I never knew Scott, but I like to think that I did, because he was such a warm, friendly presence. He was the sort of TV personality that actually understood that ESPN stood for more than just sports. It is the Entertainment and Sports Programming Network. He made it okay for sports TV to be for more than just jocks. He was funny, and was enthusiastic, and he is one of the few who hosts that athletes seemed to genuinely enjoy talking to.
As someone who spent many teenage years watching ESPN off and on, he was one of the few people worth remembering. After spending some time away from the network and really sports altogether, I was stunned to hear the news of his cancer battle. Then, his speech at the ESPYs was beyond uplifting. Despite going through one of the most terrible and difficult battles, he was still warm and upbeat and funny. He made a joke about Kiefer Sutherland presenting him, and how as a big fan of “24” this was an enormous honor for him, more so than if it was almost anyone else.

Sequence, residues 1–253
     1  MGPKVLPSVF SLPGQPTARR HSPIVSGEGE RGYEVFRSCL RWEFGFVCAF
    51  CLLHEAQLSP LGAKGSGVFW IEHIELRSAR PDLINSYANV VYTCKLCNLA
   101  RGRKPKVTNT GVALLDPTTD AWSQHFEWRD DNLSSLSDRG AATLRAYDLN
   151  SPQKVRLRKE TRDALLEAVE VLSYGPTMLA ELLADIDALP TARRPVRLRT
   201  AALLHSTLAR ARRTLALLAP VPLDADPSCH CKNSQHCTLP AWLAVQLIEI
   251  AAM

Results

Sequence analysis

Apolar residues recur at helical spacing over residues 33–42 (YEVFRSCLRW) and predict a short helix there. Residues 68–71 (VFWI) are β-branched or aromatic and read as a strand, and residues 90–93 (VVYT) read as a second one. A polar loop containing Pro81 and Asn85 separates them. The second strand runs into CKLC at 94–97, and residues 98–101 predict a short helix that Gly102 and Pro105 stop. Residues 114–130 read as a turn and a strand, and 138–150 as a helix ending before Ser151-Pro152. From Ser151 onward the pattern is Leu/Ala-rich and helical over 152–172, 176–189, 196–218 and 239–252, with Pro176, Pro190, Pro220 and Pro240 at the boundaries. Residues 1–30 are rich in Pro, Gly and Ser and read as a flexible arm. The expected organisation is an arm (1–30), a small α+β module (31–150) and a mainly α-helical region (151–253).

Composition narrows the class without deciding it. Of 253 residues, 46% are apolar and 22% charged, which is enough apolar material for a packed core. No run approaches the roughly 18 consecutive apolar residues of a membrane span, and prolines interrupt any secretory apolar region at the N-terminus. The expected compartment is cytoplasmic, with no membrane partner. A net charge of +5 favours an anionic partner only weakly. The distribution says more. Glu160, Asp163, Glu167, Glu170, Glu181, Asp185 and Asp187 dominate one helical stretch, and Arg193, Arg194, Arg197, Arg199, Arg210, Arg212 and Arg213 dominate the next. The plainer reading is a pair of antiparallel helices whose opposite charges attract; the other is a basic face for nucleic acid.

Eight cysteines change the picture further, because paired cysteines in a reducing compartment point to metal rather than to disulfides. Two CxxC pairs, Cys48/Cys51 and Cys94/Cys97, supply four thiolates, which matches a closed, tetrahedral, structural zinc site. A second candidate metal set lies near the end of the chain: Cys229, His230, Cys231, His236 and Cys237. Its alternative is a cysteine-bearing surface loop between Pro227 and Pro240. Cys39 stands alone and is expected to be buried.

Today, the news broke that Scott has died at the age of 49, and is survived by his two daughters. For a child of the eighties and nineties, it’s hard to say if there is a name or a face more recognizable to ESPN than Scott. He was a skilled reporter, but also an entertainer. He was the guy, chatting over the big game in his living room with a bowl of popcorn in his sweatpants, and despite knowing almost everything there was to know in his field, he always made you feel welcome on his couch. (Editorial by Matt Carter, photo via ESPN.)